You are here:

Guinea Pigs/guinea pig hiding behaviour


i have 2 guinea pigs..both are males of age 45 days....i have made 2 houses for them...they both went their...but r not coming out...they only come out to eat food....they are not playing and sleeping all day...what should i do.....plzzzz...

Although your intentions were good, you were trying to give them a private place to sleep, without meaning to you have provided them with a place to hide from the world.  And they are taking advantage of that.

Remove the houses for awhile. They need to get used to their surroundings, the smells, the sounds and the people. Handle them as much as you can so they learn that people are wonderful things. Once they've become acclimated to their surroundings you can put the houses back in. The idea is to give them no choice about hiding when people come near them.

Every pig will do this, they used their little houses as a hidey hole and refuse to come out except to eat and drink. Removing their means of escape forces them to get comfortable in the open.  It won't take long, but I would keep the houses out for about 3 or 4 weeks.  

Each time you approach them bring a piece of carrot or lettuce so they begin to think of you as the 'food person' and will be excited to see you. It doesn't take long, it just takes a bit of patience.

Please let me know how things go, and if there's anything else I can help you with don't hesitate to write me.  

Guinea Pigs

All Answers

Answers by Expert:

Ask Experts


Pat VanAllen


As is sometimes the case, people in urgent need of information have a higher degree of expectation than those of us as experts are able to give. The experts on this site do their best to give the most accurate and responsible answers possible. We ask that you remember that it is not our intention nor place to criticize the professional advice given by your veterinarian, nor is it appropriate for us to comment on the correctness of a diagnosis made by a licensed physician. Our knowledge is experience based. Although many years of breeding and showing cavies gives me a wealth of experience it cannot change the fact that we as experts are not veterinarians and therefore may occasionally have to reject questions that appear to be asking us to criticize advice given by the licensed professional. Having raised and exhibited cavies for many years I have extensive experience in cavy care and husbandry. I currently have an active breeding program for pedigreed show animals but do not encourage backyard breeding for inexperienced owners. Although I don't encourage breeding for fun I'm always happy to answer any questions from an owner who is in sincere need of help. Pet owners wanting to breed should understand that even experienced breeders have litter losses. The mortality rate is high in cavies. The chance for losing both sow and pups is always present, even with experience. Although this is a site for experts to assist owners, there is no expert in any field who has all the answers. The wisest thing a good expert can know is their limitations. Not having an answer does not diminish one's ability or knowledge. It simply shows that we recognize our limitations and operate within them.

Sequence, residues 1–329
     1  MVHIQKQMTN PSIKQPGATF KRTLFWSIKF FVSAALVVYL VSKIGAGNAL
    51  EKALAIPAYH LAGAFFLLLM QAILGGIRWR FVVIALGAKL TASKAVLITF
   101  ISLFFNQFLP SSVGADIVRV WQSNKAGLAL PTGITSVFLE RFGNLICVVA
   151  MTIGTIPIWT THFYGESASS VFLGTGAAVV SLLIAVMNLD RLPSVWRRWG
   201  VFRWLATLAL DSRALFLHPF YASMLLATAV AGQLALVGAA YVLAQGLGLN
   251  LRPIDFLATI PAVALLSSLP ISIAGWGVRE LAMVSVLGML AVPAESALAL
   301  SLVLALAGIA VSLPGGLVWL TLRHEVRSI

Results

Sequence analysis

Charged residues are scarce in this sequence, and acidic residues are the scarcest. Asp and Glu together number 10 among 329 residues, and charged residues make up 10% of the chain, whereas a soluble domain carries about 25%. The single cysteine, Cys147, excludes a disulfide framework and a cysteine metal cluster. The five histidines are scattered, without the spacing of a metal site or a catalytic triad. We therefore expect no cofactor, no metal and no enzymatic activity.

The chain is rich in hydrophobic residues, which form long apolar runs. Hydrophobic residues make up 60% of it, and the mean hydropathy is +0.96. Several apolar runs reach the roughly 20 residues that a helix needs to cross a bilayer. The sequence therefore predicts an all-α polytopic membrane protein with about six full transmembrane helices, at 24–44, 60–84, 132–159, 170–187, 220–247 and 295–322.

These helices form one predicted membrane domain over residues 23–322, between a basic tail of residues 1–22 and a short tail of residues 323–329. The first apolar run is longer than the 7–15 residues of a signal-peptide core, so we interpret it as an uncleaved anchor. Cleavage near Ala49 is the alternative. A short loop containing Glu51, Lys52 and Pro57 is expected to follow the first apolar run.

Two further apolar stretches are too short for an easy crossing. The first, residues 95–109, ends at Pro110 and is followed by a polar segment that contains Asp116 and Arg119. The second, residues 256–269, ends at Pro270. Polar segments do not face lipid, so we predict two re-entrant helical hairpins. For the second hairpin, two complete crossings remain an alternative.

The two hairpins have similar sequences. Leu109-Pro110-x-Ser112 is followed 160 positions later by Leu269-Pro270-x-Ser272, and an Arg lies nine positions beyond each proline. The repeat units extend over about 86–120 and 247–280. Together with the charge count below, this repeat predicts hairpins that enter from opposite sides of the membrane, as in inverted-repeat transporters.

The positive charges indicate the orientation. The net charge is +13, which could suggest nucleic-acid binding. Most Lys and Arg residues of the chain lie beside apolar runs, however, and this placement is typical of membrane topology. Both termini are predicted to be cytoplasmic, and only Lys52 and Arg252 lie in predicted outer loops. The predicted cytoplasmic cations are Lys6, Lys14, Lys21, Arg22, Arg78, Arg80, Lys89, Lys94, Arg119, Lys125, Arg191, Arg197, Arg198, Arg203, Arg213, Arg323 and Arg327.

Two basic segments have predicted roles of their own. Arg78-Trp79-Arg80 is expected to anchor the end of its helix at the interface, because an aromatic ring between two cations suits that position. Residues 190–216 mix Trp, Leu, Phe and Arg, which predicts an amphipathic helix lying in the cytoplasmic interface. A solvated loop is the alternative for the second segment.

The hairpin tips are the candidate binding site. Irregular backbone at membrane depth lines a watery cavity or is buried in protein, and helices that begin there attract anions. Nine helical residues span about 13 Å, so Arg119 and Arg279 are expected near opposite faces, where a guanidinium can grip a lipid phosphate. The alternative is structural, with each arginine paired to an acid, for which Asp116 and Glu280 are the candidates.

Raised and shown cavies for many years, having aquired my first cavies in the early 1970's as pets. My caviary currently handles 65 + animals in two different breeds and several varieties. Having been in the health care industry as a licensed nurse for 35 years I have hands on experience with care and needs in both humans and cavies. Member of American Rabbit Breeders Association and American Cavy Breeders Association.

Awarded Lifetime Membership in of one of the oldest cavy clubs in the United States, on whose Board I served as Sec/Treas for six years and currently serving as President. Also editor/publisher of the club's quarterly newsletter. We are strong supporters of our youth exhibitors, most of whom are 4H members who are working on cavy projects. Through these projects they become good responsible citizens. We deal with all aspects of showing, breeding, caring for and sharing experiences in the fancy. The cavy fancy is not a new one but in some areas is still relatively unknown. Our goal is to inspire interest in high quality, responsible breeding to improve the species, not just the reproduction of guinea pigs. Our job is to educate owners to help them make the right decisions and choices in the care of their cavies.

Graduate in nursing. Certified in emergency medicine.

©2017 All rights reserved.